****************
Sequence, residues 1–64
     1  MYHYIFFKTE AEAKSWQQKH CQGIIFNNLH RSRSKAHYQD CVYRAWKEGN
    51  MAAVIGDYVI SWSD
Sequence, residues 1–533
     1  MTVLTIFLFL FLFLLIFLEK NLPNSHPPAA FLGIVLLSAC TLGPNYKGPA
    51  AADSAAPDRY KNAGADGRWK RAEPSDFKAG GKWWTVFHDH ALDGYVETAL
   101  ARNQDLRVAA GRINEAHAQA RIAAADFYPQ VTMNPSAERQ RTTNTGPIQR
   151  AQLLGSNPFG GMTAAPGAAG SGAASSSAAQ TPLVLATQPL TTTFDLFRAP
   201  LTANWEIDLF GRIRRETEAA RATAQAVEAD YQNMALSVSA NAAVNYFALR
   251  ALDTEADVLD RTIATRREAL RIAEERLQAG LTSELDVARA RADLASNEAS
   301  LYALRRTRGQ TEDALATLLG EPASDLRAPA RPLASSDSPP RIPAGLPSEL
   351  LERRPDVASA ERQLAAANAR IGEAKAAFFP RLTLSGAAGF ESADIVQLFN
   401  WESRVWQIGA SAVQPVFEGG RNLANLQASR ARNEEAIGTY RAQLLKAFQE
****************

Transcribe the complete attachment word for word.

Sequence, residues 1–64
     1  MYHYIFFKTE AEAKSWQQKH CQGIIFNNLH RSRSKAHYQD CVYRAWKEGN
    51  MAAVIGDYVI SWSD
Sequence, residues 1–533
     1  MTVLTIFLFL FLFLLIFLEK NLPNSHPPAA FLGIVLLSAC TLGPNYKGPA
    51  AADSAAPDRY KNAGADGRWK RAEPSDFKAG GKWWTVFHDH ALDGYVETAL
   101  ARNQDLRVAA GRINEAHAQA RIAAADFYPQ VTMNPSAERQ RTTNTGPIQR
   151  AQLLGSNPFG GMTAAPGAAG SGAASSSAAQ TPLVLATQPL TTTFDLFRAP
   201  LTANWEIDLF GRIRRETEAA RATAQAVEAD YQNMALSVSA NAAVNYFALR
   251  ALDTEADVLD RTIATRREAL RIAEERLQAG LTSELDVARA RADLASNEAS
   301  LYALRRTRGQ TEDALATLLG EPASDLRAPA RPLASSDSPP RIPAGLPSEL
   351  LERRPDVASA ERQLAAANAR IGEAKAAFFP RLTLSGAAGF ESADIVQLFN
   401  WESRVWQIGA SAVQPVFEGG RNLANLQASR ARNEEAIGTY RAQLLKAFQE